end of the line (for now)

Battling with the launch of the sonnet anthology Jailbreaks for your attention on Tuesday night will be the last edition of Memewar's Short Line Reading Series. Here are the details:

This final evening of the season features readings from Ashok Mathur (The Short, Happy Life of Harry Kumar), Sachiko Murakami (The Invisibility Exhibit), and Aaron Vidaver.

When?: Tuesday, April 29th (6:30 - 9:00 PM)
Where?: The Railway Club (579 Dunsmuir)
How Much?: Free


precisely the problem

Piere Poilievre, Conservative MP: Frankly, Dominic is jumping up and down today with the conspiratorial fervour of someone who has just solved the Kennedy assassination...what we are talking about here in reality is the equivalent of divvying up a restaurant deal and adding the GST to each individual tab.

Don Newman, CBC Politics Host: Alright, Dominic, what do you have to say to that?

Dominic LeBlanc, Liberal MP:
Don, it’s a nice analogy. The only problem is that the people who were, in fact, receiving these invoices weren’t at the dinner. The Conservative candidates, Elections Canada believes, weren’t in the restaurant, they weren’t even waiting in the bar for a table, Don. So they’re dividing up a restaurant bill...

Poilievre: They had the meal!

...amongst people...they’re dividing up the...Elections Canada says they didn’t in fact eat the meal...

They did have the meal.

...that’s precisely the problem.

- our beloved representatives discussing the Conservative ad scandal on Thursday, April 26th's edition of Politics.



Zachariah Wells has edited together a new book: Jailbreaks: 99 Canadian Sonnets. It looks nif-tay. It'll be launched on Tuesday, April 29th at 7 PM at Our Town Cafe (245 Broadway). Readers will include Zach, Crispin Elsted, Nancy Holmes, George McWhirter, Lyle Neff, Barbara Nickel, and Anne Stone.

I'll be coaching soccer, sadly, so I won't be able to make it...you must go in my stead...


bridge over garfunkel's philtrum

Man, that's a hell of a mustache ol' Art's been growing...isn't it?

The poor guy can't do anything on his own. I have a poem about this mustachioed gentleman entitled "nothing against art garfunkel", which just came out in the new issue of Acta Victoriana, a lit journal out of Victoria College (U of T).

I first came across Acta Victoriana while looking for an online version of "Concerning Ms. Atwood" by Al Purdy for a review of Atwood's latest collection which I was writing for The Peak.

I haven't gotten my hands on a copy of the new issue of Acta, yet, and I'm not sure if they'll be publishing things online, but if they do, I'll be sure to post the link here [update: I've posted the poem - you can read it here].


why do neat things have to be $38?

rob mclennan has highlighted on his blog a new collection of essays on Al Purdy from U of Ottawa Press entitled The Ivory Thought: Essays on Al Purdy. It's one result of the 2006 conference on Purdy held at the same University. Other than the cover image (which makes me think that "the ivory thought" is not a swan, but instead some sort of rapidly-multiplying parasite), the price tag, and the fact that it's probably unavailable just about everywhere, it looks good.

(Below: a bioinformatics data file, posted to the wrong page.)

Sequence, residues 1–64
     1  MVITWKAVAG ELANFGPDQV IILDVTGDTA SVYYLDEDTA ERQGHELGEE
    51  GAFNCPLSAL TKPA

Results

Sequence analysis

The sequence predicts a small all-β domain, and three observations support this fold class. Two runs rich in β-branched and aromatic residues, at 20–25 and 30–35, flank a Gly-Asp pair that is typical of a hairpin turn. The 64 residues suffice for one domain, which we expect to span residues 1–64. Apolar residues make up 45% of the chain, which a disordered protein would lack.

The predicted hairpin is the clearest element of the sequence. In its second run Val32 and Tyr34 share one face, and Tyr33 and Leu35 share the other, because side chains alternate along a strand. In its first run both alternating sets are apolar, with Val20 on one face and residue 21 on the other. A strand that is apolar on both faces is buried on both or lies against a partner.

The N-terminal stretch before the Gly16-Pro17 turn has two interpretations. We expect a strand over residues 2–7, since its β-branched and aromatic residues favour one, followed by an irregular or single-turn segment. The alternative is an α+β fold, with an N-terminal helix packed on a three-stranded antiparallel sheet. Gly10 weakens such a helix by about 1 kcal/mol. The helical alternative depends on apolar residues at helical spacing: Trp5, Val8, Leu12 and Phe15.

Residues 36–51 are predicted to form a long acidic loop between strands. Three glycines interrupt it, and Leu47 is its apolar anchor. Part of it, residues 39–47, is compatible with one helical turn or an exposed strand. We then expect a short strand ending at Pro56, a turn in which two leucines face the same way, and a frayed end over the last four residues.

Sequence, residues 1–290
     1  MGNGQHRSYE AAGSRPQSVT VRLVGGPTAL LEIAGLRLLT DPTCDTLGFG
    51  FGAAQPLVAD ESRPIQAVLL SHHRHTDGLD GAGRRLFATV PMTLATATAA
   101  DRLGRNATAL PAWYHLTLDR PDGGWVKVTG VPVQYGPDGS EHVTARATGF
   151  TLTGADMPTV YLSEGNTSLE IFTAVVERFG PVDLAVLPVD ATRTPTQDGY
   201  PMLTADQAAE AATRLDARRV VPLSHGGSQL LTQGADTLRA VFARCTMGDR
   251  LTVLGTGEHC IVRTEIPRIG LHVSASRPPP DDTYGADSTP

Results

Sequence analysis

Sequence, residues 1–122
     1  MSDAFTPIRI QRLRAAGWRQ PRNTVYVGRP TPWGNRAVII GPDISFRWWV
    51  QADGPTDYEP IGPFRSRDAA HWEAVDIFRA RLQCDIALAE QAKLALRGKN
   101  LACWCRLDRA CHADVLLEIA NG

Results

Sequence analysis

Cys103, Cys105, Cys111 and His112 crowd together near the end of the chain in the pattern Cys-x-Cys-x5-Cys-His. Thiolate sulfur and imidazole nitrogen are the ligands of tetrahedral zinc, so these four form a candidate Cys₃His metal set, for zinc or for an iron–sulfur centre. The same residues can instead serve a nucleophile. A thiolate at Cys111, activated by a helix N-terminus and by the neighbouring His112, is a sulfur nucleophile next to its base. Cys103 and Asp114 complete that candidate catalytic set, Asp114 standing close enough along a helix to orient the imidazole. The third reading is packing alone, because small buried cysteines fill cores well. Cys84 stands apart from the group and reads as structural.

Speaking of good books being unavailable, I found out a few days ago that Magpie Magazines is closing. It's been ugly for independent booksellers in Vancouver for quite a while, and keeps getting uglier...and now the Drive is down to one bookstore offering new books...

Everything at Magpie is 50% off, though they've nearly been picked clean already. When neat things are no longer $38 they move pretty quickly, it seems.


the momentary retardation of time's erosions

Don McKay and Ken Babstock discussing the relationship between lyric and narrative poetry:

Don McKay: You know those structuralist diagrams where they have lyric going up one axis and narrative going up the other, that makes some kind of crude sense to me. It's a radical simplification, but narrative's going along historically - "and then, and then, and then" - the lyric can at any point leap out of it, with an implied eternity.

Ken Babstock: The eternal moment.

DM: "Now it's fit to die because we'll never get beauty like this again" - lyric attempts to pause there, but I think even while doing that there's a implied gravity. The narrative goes on to the next day. The meditative approach acknowledges this: that one moment will inevitably lead to the next. We accept mortality instead of fighting it off.

KB: That's the diachronic - being locked in time.

DM: I guess. Whatever the lyric aesthetic is, it probably has something to do with the momentary retardation of time's erosions, just for a moment. The narrative acknowledges, "Yes, it is just for the moment, now we're getting back into the flow, so fasten your seat belt."

- from Where the Words Come From: Canadian Poets in Conversation, Ed. Tim Bowling, 2002.


the dead, dead children were worth it!

The new Vancouver Olympics theme, by Geoff Berner. Take a listen here, and be sure to pass it along to fellow Olympics fan(atic)s everywhere!



all things bpNichol

A new site has been launched, devoted to archiving bpNichol's work. Check it out here.

A sample of his work, "Blues":